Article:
The modern green building movement first targeted new construction and asked developers, building owners, architects, engineers, and contractors to think differently about resource extraction, put systems in place to use less energy and water, and reduce the building’s environmental footprint. But once we went back into these structures, we found that many buildings designed to be high performance aren’t operating efficiently. The sustainable design industry then turned an eye to existing buildings, and facility managers, building engineers, staff, employees, and vendors took on major roles. Upgrades and retrofits helped set the stage for success, but again, a disconnect between the design intent and the day-to-day operations of a facility often remained. Until the disconnect is resolved, many of the best laid plans for green buildings will continue to fall through the proverbial cracks.
An architect’s contractual obligations typically end one year after construction. In most cases, the entire design team has moved on to other projects shortly after building occupancy. These professionals rarely get to see how well their design is performing and help strategize corrections when necessary, so building owners typically do not benefit from the design teams’ expertise post-occupancy. Conversely, the people who operate the building usually don’t have a chance to be involved in the design process, yet they possess invaluable information about their facility’s requirements, staff routines and employee concerns. Building owners can forge a more dynamic, integrated process by restructuring their approach in several key areas.
A new financial model is in order. Having a discrete pool of money for capital improvements and another one for operations can set up counterproductive situations. For example, the purchase of more efficient systems might decrease life-cycle costs, but capital budgets typically cannot “borrow” from the budgets for Operations & Maintenance. As a result, the most cost-effective solutions may not be implemented. In addition, the people in charge of capital improvements are often removed from daily facility operations and lack the important data to ensure that the systems and equipment selection are the best fit in terms of routines and maintenance. Devise shared funding sources between capital improvements and operations so these two groups can collaborate on the right strategies to serve both short-term and long-term objectives.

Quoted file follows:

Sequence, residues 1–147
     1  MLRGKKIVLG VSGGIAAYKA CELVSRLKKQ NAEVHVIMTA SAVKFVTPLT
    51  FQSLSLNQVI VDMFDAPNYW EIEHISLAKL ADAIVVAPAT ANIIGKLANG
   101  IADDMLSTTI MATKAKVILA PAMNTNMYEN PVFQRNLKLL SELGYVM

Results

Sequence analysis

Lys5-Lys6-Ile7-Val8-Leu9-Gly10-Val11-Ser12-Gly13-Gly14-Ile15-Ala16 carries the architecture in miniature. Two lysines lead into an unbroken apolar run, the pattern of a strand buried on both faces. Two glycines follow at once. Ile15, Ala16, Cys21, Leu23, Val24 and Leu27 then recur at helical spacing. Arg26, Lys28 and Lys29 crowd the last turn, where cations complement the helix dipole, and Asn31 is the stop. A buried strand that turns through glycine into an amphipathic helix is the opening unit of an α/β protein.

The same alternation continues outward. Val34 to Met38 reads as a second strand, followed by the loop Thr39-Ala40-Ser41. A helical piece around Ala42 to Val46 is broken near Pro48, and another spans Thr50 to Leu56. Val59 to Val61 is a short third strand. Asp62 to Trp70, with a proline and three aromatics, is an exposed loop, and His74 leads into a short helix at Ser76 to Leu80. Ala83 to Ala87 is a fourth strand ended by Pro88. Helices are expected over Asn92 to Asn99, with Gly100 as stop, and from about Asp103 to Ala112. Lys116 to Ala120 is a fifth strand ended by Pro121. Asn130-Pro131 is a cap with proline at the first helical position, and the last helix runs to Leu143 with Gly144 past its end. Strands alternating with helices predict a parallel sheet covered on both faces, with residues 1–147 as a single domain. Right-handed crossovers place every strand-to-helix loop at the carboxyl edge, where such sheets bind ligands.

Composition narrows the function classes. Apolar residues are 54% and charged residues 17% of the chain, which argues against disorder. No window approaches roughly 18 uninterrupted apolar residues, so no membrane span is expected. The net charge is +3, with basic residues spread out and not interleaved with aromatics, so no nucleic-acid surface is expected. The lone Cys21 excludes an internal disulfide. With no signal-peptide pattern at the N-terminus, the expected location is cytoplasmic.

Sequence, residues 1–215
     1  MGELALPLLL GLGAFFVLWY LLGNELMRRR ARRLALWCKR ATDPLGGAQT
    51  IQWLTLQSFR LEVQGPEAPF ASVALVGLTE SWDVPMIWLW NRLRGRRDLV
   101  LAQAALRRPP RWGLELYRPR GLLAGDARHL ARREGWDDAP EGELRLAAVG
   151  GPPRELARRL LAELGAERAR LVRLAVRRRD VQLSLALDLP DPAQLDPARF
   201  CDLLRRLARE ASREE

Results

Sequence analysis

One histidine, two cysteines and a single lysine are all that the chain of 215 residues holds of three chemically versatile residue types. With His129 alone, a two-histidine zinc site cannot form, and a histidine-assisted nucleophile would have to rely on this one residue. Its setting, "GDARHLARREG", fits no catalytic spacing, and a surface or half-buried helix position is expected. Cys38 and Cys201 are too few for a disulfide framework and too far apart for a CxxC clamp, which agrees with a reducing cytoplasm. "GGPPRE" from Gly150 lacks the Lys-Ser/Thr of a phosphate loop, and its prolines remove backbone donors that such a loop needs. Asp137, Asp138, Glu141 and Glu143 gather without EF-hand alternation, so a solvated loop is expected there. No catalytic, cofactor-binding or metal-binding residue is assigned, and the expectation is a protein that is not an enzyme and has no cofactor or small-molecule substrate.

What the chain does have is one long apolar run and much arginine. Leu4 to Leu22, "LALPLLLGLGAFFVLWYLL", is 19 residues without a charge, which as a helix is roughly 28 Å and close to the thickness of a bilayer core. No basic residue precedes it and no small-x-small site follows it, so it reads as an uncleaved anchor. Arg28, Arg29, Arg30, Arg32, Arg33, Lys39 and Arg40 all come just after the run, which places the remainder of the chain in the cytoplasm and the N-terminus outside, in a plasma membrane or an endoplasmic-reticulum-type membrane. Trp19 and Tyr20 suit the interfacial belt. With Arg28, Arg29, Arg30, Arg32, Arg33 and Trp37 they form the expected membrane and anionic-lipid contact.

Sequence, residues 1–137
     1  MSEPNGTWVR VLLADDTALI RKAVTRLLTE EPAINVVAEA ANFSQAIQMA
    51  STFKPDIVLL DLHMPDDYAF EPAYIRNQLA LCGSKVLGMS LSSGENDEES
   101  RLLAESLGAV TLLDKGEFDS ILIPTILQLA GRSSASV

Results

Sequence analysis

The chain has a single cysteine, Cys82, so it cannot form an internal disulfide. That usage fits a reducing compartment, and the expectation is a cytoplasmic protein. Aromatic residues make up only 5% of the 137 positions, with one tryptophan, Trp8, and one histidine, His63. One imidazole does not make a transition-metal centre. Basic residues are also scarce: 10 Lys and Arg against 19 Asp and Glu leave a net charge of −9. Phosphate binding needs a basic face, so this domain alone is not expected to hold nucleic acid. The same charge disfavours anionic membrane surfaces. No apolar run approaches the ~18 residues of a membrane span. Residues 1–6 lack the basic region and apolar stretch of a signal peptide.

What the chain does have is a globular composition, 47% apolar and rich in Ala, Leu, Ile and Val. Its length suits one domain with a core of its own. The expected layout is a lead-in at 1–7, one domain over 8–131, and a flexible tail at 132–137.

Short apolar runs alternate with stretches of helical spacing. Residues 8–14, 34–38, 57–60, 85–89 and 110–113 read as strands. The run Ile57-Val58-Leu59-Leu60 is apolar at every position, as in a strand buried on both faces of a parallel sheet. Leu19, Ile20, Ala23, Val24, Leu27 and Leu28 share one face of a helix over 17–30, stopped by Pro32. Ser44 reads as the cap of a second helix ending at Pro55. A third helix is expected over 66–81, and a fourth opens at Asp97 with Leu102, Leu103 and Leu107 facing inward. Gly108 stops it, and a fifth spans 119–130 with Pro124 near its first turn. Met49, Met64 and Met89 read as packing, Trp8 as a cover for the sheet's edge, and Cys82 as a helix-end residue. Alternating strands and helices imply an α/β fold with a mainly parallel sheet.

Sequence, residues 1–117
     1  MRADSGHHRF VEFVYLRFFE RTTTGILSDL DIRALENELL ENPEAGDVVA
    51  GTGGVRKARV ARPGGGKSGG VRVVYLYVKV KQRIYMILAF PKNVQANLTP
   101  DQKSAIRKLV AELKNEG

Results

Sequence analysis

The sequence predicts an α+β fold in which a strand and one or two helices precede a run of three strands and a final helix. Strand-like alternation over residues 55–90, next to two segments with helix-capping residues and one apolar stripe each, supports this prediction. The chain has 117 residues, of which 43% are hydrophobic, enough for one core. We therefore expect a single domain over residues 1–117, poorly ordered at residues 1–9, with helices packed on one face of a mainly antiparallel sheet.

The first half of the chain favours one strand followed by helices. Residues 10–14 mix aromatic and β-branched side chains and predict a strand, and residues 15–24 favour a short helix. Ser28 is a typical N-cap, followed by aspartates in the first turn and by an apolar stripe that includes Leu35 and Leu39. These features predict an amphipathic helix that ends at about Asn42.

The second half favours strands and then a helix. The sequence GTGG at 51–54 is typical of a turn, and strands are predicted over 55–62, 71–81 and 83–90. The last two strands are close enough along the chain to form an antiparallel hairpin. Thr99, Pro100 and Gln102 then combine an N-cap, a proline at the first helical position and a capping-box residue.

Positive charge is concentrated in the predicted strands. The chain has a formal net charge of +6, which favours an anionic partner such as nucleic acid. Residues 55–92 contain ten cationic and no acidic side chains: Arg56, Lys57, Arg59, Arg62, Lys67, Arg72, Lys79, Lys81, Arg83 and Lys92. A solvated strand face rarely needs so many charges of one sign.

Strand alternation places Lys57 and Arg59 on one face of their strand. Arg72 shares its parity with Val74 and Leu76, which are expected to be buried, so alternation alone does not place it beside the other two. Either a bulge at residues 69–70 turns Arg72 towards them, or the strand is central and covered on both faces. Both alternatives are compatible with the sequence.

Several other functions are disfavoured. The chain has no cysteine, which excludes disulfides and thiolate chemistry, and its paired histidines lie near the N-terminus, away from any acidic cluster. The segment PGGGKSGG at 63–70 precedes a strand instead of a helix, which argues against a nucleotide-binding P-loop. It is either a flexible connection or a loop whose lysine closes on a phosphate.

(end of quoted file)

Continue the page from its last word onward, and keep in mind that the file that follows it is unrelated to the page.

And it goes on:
Opportunities to improve your facility abound through cross-education. Bring your facility managers, building engineers, human resources personnel, and vendors into early design meetings to provide insights. These people know how your facility operates, your employee preferences, and the “way things are really done” on-site and offer a critical perspective for designers. People who deal with the systems on a day-to-day basis will hone in on more than equipment efficiency. They will open the discussion about equipment life cycle, maintenance needs, and the ease or difficulty of sourcing the equipment and replacement parts. By allowing staff and vendors the chance to get involved early, they will start to take ownership of their role in helping you succeed. Designers can explain how their plans meet programmatic goals and how the systems they are proposing work so your staff and vendors understand the design objectives, become acquainted with new systems and processes early on, and can provide feedback.
Train staff to operate and maintain the systems to their highest capacity and keep easy-to-follow, clearly documented information on hand for all building personnel. In addition to training the existing staff, it can be a wise investment to create easily referenced training materials for future staff. We have seen new facilities staff handed eight hours of videotape and instructed to go watch them to familiarize themselves with the facility. Such an approach is not particularly effective or efficient. Rather than simply videotaping the initial training sessions, consider creating discrete videos that are clearly correlated to the operation and maintenance of all relevant systems.
Start with the end in mind. If you are obtaining a LEED for New Construction certification and plan to pursue LEED EBOM in the future, have one scope and one contract for both processes. The team can then concurrently document some of the credits for both certifications. That way, you won’t have to pay someone to go back and gather the data later.
Expand your view of energy modeling. Bring the architect into discussions with the MEP to use the energy model as a tool for exploring integrated design alternatives. Have your team benefit from modeling capabilities to go beyond code parameters and enhance the design. Use the model to evaluate systems for multiple buildings that share energy through a central plant or district utility. The model also can help identify how to integrate new technologies into your building.
Include a Measurement and Verification (M&V) scope in your contract to benchmark energy and water performance and examine it one year after occupancy. If the design team knows that the building will be measured and benchmarked, it will help them maintain focus on the end goal. Keep the design engineers involved after occupancy so they can see how operations stack up to initial assumptions. It’s especially important to engage the design engineers for a longer duration if your systems are complicated, so they can answer any questions if the systems aren’t working properly.
Merging design and operations holds the promise for buildings to truly live up to their green potential. Owners can help bridge the gap by showing a willingness to try more unconventional approaches that increase access to funding, enhance education, and support forward thinking.